In this commentary, Sabine Witting provides a comprehensive analysis of the Second Optional Protocol to the United Nations Convention on the Rights of the Child on the sale of children, child prostitution and child pornography. This commentary critically reflects on the impact of globalisation, digital technologies and the COVID-19 pandemic on the nature, scope and meaning of the Second Optional Protocol since its adoption on 25 May 2000. Apart from analysing a broad range of topics, from online child sexual abuse to surrogacy and ‘voluntourism’, this commentary highlights the importance of establishing child-friendly transnational collaboration mechanisms, conceptualised through a holistic gender lens and taking into consideration the online-offline nexus of violence against children and relevant Global North-Global South dynamics.
Sabine K. Witting, (Ph.D., Leiden University) is an Assistant Professor at Leiden University, Center for Law and Digital Technologies (eLaw). Her research and teaching focuses on balancing the child’s right to protection from sexual abuse and exploitation with the right to privacy and the rule of law in the digital space. Her dissertation entitled 'Child Sexual Abuse in the Digital Era - Rethinking Legal Frameworks and Transnational Law Enforcement Collaboration’ was published in 2020.
"The book is a comprehensive presentation of the many aspects of the interpretation and implementation of the OPSC, based on the relevant international standards and guidelines, and where appropriate, with critical notes from the author. This commentary should be used by everybody working for the prevention and elimination of all forms of sexual exploitation and sexual abuse of children."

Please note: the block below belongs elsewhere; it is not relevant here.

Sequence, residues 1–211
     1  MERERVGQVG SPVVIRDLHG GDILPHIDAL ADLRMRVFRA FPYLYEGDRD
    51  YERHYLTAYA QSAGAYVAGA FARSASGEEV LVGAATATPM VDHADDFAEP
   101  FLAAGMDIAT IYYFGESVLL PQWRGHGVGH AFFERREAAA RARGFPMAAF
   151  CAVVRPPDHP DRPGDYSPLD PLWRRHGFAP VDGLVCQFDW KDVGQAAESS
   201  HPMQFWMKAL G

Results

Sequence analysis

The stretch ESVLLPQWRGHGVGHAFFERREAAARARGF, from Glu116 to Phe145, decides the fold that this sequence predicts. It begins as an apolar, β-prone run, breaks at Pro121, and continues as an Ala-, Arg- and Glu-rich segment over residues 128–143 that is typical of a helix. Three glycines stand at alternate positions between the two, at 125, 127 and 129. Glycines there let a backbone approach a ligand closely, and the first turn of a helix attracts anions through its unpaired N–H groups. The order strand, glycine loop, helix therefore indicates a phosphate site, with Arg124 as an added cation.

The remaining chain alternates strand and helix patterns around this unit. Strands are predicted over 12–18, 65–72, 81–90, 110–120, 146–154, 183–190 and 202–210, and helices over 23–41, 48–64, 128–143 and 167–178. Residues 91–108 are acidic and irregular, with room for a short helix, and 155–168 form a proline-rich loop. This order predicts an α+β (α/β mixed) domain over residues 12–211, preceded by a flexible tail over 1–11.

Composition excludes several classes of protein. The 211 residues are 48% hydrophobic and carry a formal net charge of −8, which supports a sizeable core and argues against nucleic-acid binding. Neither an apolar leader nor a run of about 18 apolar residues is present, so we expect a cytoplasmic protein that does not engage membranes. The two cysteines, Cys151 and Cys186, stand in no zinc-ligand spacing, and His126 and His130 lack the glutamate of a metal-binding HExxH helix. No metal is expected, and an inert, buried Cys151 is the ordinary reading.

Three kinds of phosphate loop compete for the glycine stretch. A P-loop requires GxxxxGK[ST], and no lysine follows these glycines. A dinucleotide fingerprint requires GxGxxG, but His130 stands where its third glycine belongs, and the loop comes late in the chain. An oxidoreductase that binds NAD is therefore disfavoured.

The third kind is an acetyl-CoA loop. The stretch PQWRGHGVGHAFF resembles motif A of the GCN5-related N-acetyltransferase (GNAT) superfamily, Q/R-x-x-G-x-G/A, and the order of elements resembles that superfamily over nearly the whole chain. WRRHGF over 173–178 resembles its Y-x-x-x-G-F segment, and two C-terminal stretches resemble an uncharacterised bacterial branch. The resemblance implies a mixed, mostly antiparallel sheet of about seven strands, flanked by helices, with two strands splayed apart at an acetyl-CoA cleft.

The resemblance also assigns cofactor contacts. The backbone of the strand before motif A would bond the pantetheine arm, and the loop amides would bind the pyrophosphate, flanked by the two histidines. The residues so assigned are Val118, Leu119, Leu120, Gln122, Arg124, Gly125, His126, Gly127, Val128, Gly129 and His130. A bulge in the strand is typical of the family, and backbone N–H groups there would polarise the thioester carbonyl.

– Jaap E. Doek, Vrije Universiteit Amsterdam in: The International Journal of Children's Rights 31(3) (2023)
List of Abbreviations Author Biography Disclaimer Acknowledgments Optional Protocol to the Convention on the Rights of the Child on the Sale of Children, Child Prostitution and Child Pornography
1.2 Impact of Globalisation and Digital Technologies
1.3 Impact of COVID-19
1.4 Cross-Cutting Themes
2 Comparison with Related International Human Rights Standards
2.1 UN Convention on the Rights of the Child, 1989
2.2 Council of Europe Cybercrime Convention (‘Budapest Convention’), 2003
2.3 Council of Europe Convention on the Protection of Children against Sexual Exploitation and Sexual Abuse (‘Lanzarote Convention’), 2007
2.4 African Charter on the Rights and Welfare of the Child, 1990
2.5 African Convention on Personal Data Protection and Cyber Security, 2015
2.6 Hague Conventions (1980, 1993, 1996)
2.7 ILO Convention No. 182, 1999
3 Meaning and Scope
3.1 Drafting History and Recent Developments
3.2 Analysis of OPSC Articles
4 >OPSC in Continuous Need of Review in a Globalised, Digitalised and Rapidly Changing World
This commentary constitutes an essential tool for actors in the field of children’s rights, including academics, judges, prosecutors, law enforcement officers, students, governmental, non-governmental and international officers.